Beta
No Results

Best of the Month: July 2021

Check out the trio of films the Short of the Week programming team has selected as our 'Best of the Month' for July 2021

If I'm totally honest, I think I look forward to these Best of the Month picks more than anyone else. For me, I'm always fascinated by the films our team selects as their "favourites" from our monthly coverage. At times we're in total agreement, but more often than not, the shorts selected are a prime example of the disparity in tastes in our programming team - this month's picks are a little of both

*** 

Team Favourites

From the 19 films showcased on our site in July 2021 - which included a documentary on unofficial conspiracy theory artist for the masses David Dees, an experimental fairytale dedicated to the modern Black boy and 2021 Palme d'or winner Julia Ducournau's debut short - our team has opted for a recent festival favourite, a standout animation from a "full-fledged animation auteur" and a thought-provoking satire from a music-video legend.

***

Bruiser by Miles Warren

An uncompromising examination of toxic masculinity, Warren's Sundance/SXSW short does an excellent job of positioning its audience in its young protagonist's headspace, leaving you feeling dazed and frustrated in its powerful conclusion. - Rob Munday

[READ THE FULL REVIEW]

*** 

Jim by Chris Black

Gets the balance just right between being funny but still landing the serious reality behind the comedy. - Paul Hunter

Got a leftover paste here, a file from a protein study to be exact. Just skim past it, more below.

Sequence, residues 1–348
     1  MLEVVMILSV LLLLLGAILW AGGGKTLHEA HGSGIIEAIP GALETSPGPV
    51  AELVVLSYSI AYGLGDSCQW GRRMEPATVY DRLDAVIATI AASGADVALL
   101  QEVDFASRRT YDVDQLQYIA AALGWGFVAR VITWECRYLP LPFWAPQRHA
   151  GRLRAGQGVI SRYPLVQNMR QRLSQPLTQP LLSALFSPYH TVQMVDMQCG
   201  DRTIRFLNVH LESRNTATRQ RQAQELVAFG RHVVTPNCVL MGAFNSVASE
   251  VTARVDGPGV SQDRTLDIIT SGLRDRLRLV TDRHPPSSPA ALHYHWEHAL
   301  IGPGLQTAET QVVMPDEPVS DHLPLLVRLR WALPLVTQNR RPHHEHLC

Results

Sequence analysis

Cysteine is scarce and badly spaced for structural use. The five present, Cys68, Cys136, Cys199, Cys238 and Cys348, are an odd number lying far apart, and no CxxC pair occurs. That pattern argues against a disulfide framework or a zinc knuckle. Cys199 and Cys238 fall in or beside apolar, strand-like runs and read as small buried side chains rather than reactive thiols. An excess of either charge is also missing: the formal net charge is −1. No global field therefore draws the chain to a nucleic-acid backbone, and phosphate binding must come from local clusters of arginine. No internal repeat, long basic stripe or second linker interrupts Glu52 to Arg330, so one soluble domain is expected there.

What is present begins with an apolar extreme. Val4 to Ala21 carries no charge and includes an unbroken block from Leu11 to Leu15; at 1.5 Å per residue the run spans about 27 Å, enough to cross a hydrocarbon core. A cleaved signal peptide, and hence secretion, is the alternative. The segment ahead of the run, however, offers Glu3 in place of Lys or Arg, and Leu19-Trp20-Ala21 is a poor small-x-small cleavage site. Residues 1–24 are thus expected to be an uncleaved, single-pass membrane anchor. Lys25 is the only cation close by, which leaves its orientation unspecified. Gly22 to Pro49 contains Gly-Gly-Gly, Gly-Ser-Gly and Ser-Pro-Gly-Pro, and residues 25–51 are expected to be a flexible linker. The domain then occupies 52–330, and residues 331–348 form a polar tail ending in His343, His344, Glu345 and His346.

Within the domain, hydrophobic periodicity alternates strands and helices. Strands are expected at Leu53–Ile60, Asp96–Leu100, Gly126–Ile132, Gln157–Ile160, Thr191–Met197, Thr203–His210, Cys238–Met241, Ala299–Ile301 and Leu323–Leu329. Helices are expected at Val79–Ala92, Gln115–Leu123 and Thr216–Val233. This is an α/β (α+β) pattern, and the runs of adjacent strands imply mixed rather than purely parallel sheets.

[READ THE FULL REVIEW]

*** 

Reneepoptosis by Renee Zhan

We first discovered Renee Zhan via her undergrad project Pidge. While smart and entertaining, its Creature Comforts style dark comedy didn't provide many hints at the artistic potential that lurked underneath. With 2018 short Reneepoptosis, Zhan breaks out as a full-fledged animation auteur, in this wild, solipsistic examination of the self. - Jason Sondhi

[READ THE FULL REVIEW]

*** 

Most Viewed

Believe in Ghosts by Courtney Dixon

With all our experience helping filmmakers launch their shorts online, we've come to learn a little about which films tend to be the big performers. Festival favourites, midnight shockers, sex comedies - these tend to be some of the big hitters, but portrait docs just don't seem to have the same appeal, no matter how good they are. Dixon's 16-minute profile of Black farmer Samantha Winship proved the exception. Our most-watched short from our July picks, this earnest and engaging doc won viewers with its striking aesthetic and powerful message.

[READ THE FULL REVIEW]

*** 

WATCH PAST BEST OF THE MONTH SELECTIONS